How to work on worrying with chronic illness

My worrying skills are Adept level. I passed Master level long ago. I know how to worry.

But I have ways to stop myself from doing it right now. I have a CAT scan coming up and I worry about all the endless possibilities from a rare brain tumor to MS, as the outcome of it, when I know it isn’t likely. And I am worried about my short term disability because I haven’t heard anything and I have a hard time dealing with them. We have plenty to worry about with chronic illness, but some of those worries we can do nothing about.

So I worry.

These are things I do or Should do even for worrying

  1. When you are obsessively thinking about your worries just tell your brain, literally, to ‘stop it’ or ‘drop it’. Or even a sentence “I will not think on this right now.” or “This is not the time for this.” I mean it. Just stop the flow of thoughts in their tracks. If it keeps going do it again. Stop it. Drop it. This is definitely beneficial for ruminating on worries of conversations you Had, and Cannot change. Or other things that are unproductive worries. Worries that you cannot do a thing about and are wasting time thinking about them.
  2. Make a list of all your worries. Mark them as productive worries: things you can act upon. And unproductive worries: things you cannot act on. We can then begin to find ways to act on the ones we can. And work on not thinking about the others (dismissing those thoughts with #1)
  3. Avoid future thinking too much as this encourages us to worry. Focus more on the present moment.
  4. When you are overthinking about your worries this is a good time for a distraction to take your mind off of it all. Just turn your mind to something else. Anything. Reading. TV. Anything.
  5. When you are more relaxed take the time to write down what is in your control about what you are worried about. Things that you Can do. Things you can prepare. Or how you can react to things. Take the steps to do the things that are in your control.
  6. Acknowledge the things out of your control. These are things you should spend less time worrying about. I cannot control what my insurance company does. I cannot control what a test result will be. All I can control is my reactions and my behavior. How I deal with those people and how I react to situations.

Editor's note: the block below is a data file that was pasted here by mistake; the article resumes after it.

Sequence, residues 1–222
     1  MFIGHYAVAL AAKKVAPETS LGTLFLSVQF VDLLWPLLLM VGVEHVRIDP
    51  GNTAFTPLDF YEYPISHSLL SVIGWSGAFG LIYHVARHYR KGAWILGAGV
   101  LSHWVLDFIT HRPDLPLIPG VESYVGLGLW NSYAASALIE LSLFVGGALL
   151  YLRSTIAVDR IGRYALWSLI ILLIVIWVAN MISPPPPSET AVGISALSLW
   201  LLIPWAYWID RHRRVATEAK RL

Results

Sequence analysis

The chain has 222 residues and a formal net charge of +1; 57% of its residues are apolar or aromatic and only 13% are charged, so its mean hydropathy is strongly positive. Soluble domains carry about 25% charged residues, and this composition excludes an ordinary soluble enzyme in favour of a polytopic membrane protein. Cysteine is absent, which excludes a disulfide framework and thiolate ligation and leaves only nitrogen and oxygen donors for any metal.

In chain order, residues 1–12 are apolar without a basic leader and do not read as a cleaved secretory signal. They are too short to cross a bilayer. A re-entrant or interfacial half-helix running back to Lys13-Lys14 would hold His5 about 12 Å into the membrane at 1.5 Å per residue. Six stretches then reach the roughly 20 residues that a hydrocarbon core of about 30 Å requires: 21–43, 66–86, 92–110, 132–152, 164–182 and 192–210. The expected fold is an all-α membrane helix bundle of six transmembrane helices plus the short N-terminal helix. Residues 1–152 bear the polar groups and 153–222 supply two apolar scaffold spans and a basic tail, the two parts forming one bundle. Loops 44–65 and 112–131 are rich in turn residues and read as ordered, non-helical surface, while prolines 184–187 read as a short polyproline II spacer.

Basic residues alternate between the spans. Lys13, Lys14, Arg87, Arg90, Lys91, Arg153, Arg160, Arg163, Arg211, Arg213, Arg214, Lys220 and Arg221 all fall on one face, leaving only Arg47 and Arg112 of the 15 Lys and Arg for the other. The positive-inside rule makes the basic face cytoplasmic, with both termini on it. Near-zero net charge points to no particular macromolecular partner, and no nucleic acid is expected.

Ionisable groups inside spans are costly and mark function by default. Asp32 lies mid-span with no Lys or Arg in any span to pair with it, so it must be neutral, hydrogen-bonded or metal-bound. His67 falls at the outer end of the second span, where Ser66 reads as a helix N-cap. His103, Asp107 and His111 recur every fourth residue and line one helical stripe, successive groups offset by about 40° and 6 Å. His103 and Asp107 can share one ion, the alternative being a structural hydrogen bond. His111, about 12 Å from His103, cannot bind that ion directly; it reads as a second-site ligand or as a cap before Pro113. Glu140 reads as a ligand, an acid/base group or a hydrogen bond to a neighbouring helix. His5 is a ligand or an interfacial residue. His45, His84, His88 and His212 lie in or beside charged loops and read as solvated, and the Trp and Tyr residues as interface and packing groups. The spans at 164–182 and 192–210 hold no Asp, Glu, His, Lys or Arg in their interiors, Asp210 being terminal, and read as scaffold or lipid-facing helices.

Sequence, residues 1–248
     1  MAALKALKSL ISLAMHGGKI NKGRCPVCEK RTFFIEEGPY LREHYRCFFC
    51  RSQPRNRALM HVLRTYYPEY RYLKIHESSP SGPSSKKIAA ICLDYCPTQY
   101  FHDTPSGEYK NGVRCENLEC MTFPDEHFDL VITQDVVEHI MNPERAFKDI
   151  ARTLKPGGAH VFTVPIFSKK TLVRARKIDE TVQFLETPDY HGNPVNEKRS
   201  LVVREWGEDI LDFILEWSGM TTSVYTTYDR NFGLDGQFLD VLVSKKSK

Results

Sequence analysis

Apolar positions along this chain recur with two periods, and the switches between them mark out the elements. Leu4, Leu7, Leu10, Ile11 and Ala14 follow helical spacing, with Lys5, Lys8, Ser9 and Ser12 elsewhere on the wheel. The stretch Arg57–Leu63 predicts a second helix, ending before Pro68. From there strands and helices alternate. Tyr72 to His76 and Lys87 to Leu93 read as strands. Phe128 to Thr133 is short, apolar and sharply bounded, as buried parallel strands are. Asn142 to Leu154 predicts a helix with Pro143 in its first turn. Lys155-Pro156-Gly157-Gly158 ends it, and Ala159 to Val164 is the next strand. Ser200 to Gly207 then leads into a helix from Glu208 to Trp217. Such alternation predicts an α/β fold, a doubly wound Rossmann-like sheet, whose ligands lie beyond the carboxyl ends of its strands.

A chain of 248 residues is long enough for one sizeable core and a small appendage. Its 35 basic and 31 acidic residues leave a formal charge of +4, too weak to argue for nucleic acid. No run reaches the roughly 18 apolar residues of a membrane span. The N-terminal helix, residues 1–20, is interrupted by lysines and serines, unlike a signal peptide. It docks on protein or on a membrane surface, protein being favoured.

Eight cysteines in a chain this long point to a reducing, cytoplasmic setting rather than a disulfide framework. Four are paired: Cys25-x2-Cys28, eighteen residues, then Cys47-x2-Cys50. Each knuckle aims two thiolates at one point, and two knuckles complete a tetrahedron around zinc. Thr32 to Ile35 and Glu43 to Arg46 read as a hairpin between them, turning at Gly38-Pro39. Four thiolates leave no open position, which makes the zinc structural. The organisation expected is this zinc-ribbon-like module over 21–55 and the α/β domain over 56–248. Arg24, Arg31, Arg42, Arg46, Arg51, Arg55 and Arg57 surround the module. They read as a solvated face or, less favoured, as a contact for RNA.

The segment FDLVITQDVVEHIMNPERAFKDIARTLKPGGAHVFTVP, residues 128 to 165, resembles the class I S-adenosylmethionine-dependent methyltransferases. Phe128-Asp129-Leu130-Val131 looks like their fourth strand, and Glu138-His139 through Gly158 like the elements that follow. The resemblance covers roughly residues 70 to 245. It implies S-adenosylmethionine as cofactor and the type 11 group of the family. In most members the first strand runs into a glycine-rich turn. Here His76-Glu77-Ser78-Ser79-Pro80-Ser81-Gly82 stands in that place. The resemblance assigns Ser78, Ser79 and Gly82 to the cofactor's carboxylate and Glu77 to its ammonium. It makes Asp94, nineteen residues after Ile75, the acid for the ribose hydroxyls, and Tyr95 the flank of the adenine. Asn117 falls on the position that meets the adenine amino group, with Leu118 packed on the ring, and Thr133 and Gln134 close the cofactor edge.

7. Acknowledge your fears. Obviously, I fear my insurance company will not approve me, and I cannot work at the moment, so it is a massive fear over money instability. With the test results, my fear is it is something Else I have to deal with. But make sure you are not catastrophizing the worst case scenario. Even if you are thinking about what you would do if this fear happened. Hope for the best, prepare for the worst. The fear is the deeper root of the worry. We have to manage our stress and fear.
  8. Talk your worries over with someone. A friend. Family. Sometimes it is a release to do so and sometimes you can bounce ideas off them.

The aim is to gear your mind to problem solve a worry when you have a productive worry. Aim to do what you can and make a plan. But for us to not focus on non-productive worries where we may be ruminating on things we can do nothing about. Some worries we have some control over but not full control… like insurance companies. We have our role to play, but then it isn’t in our hands. We have to understand the fear behind that and manage the stress that comes with it.

There is a lot of worry that comes with chronic illness. Worry about our future. And we do a lot of future thinking that isn’t productive to us. Worries about insurance or disability applications. Worry about work and its sustainability. Some things we can have an action plan on. Some things we cannot. Sometimes we just have to add in good stress reduction.

Other posts on worry with chronic illness

Chronic illness and worry

6 Chronic illness fears

Chronic illness: Knowing the past is fearing thew future


3 thoughts on “How to work on worrying

  1. Such a wonderful post. I tell myself all the time, not today girl. Haha ! Just meaning for me it’s not the time to worry over whatever I was beginning to fret over. My friend also taught me, there is no bear. Unless you hear a real bear chasing you then you can worry.

    Liked by 1 person

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